, me, you old duffer, I'll use you as a decoy!”

A few moments later the two men, opening the door of the shooting-box, plunged into a murk of blue tobacco smoke. A half-dozen men greeted them boisterously. These were just about to draw lots for choice of blinds on the morrow. A savoury smell of roasting ducks came from the tiny kitchen where Weber - punter, keeper, duck-caller and cook - exercised the last-named function. Welton drew last choice, and was commiserated on his bad fortune. No one offered to give way to the guest, however. On this point the rules of the Club were inflexible.

Luckily the weather changed. It turned cold; the wind blew a gale. Squalls of light snow swept the marshes. Men chattered and shivered, and blew on their wet fingers, but in from the great open lake came myriads of waterfowl, seeking shelter, and the sport was grand.

“Well, old stick-in-the-mud," said Orde as, at the end of two days, the men thawed out in a smoking car, "ducks enough for you?”

“Jack,” said Welton solemnly, “there are no ducks in Minnesota. They've all come over here. I've had the time of my life. And about that other thing: as soon as our woods work is under way, I'll run out to California and look over the ground - see how easy it is to log that country. Then we can talk business. In the meantime, send Bob over to the Chicago office. I'll let Harvey break him in a little on the office work until I get back. When will he show up?”

Orde grinned apologetically. “The kid has set his heart on coaching the team this fall, and he don't want to go to work until after the season, said he. “I'm just an old fool enough to tell him he could wait. I know he ought to be at it now — you and I were, long before his age; but —

“Oh, shut up!” interrupted Welton, his big body shaking all over with mirth. “You talk like a copy-book. I'm not a constituent, and you needn't run any bluffs on me. You're tickled to death with that boy, and you are hoping that team will lick the everlasting daylights out of Chicago, Thanksgiving; and you wouldn't miss the game or have Bob out of the coaching for the whole of California; and you know it. Send him along when you get ready."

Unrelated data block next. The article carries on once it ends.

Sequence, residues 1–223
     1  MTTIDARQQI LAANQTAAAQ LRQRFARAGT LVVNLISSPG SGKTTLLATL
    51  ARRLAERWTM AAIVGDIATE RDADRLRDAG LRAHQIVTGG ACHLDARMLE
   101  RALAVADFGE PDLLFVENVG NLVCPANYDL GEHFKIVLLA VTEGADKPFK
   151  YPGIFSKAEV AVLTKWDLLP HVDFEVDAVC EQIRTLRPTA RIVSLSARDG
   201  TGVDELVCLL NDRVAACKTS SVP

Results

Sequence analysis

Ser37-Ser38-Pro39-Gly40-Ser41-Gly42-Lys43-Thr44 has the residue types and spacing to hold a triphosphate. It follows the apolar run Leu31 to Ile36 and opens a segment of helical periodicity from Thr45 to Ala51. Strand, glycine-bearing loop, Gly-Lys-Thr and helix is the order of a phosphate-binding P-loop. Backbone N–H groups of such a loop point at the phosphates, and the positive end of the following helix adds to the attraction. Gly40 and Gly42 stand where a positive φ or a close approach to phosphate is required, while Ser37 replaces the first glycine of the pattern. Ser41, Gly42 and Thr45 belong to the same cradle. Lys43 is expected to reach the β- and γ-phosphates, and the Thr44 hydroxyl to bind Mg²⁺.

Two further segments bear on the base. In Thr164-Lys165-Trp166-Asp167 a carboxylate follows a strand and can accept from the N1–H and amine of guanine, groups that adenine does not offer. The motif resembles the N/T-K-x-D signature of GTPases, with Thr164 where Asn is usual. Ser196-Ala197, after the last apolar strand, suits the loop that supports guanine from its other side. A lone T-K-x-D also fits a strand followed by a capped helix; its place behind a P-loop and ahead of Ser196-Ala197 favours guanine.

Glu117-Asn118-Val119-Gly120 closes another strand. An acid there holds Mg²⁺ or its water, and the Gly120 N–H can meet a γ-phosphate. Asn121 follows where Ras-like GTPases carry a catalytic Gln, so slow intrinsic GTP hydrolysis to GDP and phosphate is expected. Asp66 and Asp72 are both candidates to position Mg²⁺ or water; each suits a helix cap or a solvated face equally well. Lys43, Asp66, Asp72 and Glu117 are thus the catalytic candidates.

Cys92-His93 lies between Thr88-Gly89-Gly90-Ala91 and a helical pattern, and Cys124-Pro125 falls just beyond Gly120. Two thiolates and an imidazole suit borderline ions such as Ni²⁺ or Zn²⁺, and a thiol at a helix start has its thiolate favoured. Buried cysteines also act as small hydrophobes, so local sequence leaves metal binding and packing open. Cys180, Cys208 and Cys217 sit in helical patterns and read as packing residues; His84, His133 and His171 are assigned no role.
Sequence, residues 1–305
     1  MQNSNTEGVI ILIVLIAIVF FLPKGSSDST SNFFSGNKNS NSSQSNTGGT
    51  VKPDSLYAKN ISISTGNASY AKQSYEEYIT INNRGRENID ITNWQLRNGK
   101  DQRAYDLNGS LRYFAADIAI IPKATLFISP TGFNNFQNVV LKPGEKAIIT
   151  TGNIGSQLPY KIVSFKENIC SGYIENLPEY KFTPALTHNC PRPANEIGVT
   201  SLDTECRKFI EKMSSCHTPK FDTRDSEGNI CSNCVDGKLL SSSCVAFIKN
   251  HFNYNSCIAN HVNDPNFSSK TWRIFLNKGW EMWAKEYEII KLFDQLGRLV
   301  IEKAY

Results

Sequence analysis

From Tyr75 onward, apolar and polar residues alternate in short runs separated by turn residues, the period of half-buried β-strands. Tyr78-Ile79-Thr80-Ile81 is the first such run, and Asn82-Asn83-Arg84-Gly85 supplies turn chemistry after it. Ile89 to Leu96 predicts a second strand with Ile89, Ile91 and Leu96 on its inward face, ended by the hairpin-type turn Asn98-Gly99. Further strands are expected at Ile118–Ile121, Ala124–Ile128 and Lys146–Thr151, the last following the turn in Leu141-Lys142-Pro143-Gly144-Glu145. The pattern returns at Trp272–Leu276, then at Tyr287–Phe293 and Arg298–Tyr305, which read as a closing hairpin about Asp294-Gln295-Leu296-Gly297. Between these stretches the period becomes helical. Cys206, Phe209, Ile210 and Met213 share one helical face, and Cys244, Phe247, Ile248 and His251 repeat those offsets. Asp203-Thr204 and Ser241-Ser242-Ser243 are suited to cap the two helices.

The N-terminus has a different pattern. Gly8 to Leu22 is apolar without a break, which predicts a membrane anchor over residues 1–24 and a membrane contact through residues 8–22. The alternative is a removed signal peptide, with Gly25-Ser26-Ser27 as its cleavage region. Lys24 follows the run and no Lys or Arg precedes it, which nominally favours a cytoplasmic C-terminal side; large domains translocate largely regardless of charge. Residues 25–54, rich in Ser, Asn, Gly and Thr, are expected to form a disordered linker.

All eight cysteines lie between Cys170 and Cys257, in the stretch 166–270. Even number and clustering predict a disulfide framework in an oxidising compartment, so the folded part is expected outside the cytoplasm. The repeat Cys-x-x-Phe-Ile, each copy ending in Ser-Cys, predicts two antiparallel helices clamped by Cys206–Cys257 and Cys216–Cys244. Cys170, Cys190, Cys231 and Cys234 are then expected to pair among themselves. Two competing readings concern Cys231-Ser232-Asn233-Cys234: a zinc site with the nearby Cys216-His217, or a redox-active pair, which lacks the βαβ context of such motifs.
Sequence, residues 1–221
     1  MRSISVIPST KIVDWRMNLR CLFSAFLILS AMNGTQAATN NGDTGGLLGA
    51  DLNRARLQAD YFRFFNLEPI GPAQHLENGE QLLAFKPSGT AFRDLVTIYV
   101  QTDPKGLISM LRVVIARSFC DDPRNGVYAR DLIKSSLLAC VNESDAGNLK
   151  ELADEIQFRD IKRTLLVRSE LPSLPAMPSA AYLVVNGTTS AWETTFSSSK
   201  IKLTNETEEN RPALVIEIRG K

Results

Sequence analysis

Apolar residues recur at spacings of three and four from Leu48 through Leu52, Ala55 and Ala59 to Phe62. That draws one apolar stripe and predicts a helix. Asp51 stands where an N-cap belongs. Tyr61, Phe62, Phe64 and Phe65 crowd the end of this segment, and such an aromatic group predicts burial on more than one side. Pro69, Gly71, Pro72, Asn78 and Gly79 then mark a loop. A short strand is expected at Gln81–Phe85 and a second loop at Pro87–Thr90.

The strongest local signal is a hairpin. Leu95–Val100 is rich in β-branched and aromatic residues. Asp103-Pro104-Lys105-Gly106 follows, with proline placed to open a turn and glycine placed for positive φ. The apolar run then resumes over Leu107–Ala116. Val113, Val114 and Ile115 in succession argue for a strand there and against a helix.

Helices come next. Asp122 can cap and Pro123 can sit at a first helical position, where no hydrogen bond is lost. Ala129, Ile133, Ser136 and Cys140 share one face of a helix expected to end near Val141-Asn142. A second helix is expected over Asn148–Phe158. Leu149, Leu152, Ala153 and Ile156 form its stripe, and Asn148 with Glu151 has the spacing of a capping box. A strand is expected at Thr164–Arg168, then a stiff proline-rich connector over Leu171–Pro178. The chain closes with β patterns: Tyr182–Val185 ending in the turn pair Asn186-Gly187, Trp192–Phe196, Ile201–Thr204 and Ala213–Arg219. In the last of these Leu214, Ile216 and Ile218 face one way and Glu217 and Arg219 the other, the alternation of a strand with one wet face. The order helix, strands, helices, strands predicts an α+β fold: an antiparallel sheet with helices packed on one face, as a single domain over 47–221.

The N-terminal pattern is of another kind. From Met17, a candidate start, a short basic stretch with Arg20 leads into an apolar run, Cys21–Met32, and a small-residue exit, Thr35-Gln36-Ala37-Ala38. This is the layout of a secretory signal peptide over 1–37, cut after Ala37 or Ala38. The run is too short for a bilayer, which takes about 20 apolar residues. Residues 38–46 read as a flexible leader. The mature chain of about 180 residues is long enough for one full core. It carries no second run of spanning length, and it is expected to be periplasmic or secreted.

OB ORDE, armed with a card of introduction to Fox,

Welton's office partner, left home directly after

Thanksgiving. He had heard much of Welton & Fox in the past, both from his father and his father's associates. The firm name meant to him big things in the past history of Michigan's industries, and big things in the vague, large life of the Northwest. Therefore, he was considerably surprised, on finding the firm's Adams Street offices, to observe their comparative insignificance.

He made his way into a narrow entry, containing merely a high desk, a safe, some letter files, and two bookkeepers. Then, without challenge, he walked directly into a large apartment, furnished as simply, with another safe, a typewriter, several chairs, and a large roll-top desk. At the latter a man sprawled, reading a newspaper. Bob looked about for a further door closed on an inner private office, where the weighty business must be transacted. There

The tall, broad, lean young man hesitated, looking about him with a puzzled expression in his earnest young eyes. Could this be the heart and centre of those vast and far-reaching activities he had heard so much about?

After a moment the man in the revolving chair looked up shrewdly over his paper. Bob felt himself the object of an instant's searching scrutiny from a pair of elderly steelgray eyes.

"Well?" said the man, briefly.
“I am looking for Mr. Fox,” explained Bob.
“I am Fox."

was none.